The section 112 issue raised by JBL, with respect to the “ellipse having a major diameter” claim limitation, is not one of sufficiency of the disclosure, but rather precision of the claim. Issued claim 3 (original claim 4) disclosed the “major diameter of said ellipse,” while new claim 1 recited only “an ellipse.” The Manual of Patent Examining Procedure (“MPEP”) states: “the failure to provide explicit antecedent basis for terms does not always render a claim indefinite. If the scope of a claim would be reasonably ascertainable by those skilled in the art, then the claim is not indefinite.” MPEP § 2173.05(e) (6th ed. Rev.1, Sept. 1995); see Ex parte Porter, 25 USPQ2d 1144, 1146 (Bd. Pat. Apps. & Int.1992); see also In re Moore, 58 C.C.P.A. 1042, 439 F.2d 1232, 1235, 169 USPQ 236, 238 (CCPA 1971) (“[T]he definiteness of the language employed must be analyzed-not in a vacuum, but always in light of the teachings of the prior art and of the particular application disclosure as it would be interpreted by one possessing the ordinary level of skill in the pertinent art.”).
The antecedent basis rejection, as applied to the facts of this case, does not narrow the scope of the claim because it would be reasonably ascertainable by those skilled in the art that an ellipse is inherently understood to have “a major diameter.” There can be no dispute that mathematically an inherent characteristic of an ellipse is a major diameter. The prior recitation of “an ellipse” therefore, provides the antecedent basis for “an ellipse having a major diameter.” “Inherent components of elements recited have antecedent basis in the recitation of the components themselves.” MPEP § 2173.05(e). The MPEP provides an analogous example: “the limitation ‘the outer surface of said sphere’ would not require an antecedent recitation that the sphere have an outer surface.” Id.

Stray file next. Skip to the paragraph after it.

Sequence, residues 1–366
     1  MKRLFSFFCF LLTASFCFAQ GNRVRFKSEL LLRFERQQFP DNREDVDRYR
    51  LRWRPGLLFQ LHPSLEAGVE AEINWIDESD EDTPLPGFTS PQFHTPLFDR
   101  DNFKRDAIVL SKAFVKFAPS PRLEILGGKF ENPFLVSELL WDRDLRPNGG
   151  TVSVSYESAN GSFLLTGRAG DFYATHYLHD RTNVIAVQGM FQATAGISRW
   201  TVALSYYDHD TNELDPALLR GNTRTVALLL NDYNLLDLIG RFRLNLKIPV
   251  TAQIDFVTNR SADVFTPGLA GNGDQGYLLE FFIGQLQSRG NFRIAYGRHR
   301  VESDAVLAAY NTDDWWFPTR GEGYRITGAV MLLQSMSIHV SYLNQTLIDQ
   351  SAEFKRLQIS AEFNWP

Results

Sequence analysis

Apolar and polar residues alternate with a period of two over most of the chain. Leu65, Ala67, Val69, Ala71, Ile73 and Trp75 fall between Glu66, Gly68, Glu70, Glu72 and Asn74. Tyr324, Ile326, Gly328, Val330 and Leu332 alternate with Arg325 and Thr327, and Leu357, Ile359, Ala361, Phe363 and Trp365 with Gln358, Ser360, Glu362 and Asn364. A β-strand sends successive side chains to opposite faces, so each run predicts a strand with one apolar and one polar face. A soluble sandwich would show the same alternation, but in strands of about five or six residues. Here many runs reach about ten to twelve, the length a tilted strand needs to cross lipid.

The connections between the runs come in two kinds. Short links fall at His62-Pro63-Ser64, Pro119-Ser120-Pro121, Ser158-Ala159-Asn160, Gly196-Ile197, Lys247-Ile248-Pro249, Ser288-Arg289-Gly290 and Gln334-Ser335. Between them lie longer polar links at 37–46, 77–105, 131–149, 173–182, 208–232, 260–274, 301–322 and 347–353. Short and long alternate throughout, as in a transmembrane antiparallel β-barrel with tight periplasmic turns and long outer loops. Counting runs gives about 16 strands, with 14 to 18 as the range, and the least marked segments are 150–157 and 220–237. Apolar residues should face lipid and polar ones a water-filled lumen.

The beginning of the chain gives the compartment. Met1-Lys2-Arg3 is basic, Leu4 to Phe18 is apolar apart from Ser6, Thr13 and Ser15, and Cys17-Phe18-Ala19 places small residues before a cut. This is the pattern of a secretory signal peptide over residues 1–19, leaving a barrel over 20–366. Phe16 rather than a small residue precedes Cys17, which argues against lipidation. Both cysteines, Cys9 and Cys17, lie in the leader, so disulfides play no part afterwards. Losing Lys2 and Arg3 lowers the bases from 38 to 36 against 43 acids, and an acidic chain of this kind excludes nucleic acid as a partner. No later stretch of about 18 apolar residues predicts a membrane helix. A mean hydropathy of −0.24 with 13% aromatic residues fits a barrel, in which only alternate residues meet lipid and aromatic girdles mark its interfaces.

Because Bose's amendment did not satisfy the “narrowing amendment” requirement of Festo, 234 F.3d at 566, 56 USPQ2d at 1870, we see no need to examine the reason why the applicant amended the claim. The district court properly denied the motion for summary judgment of non-infringement under the doctrine of equivalents because a reasonable jury could have returned a verdict for the nonmovant.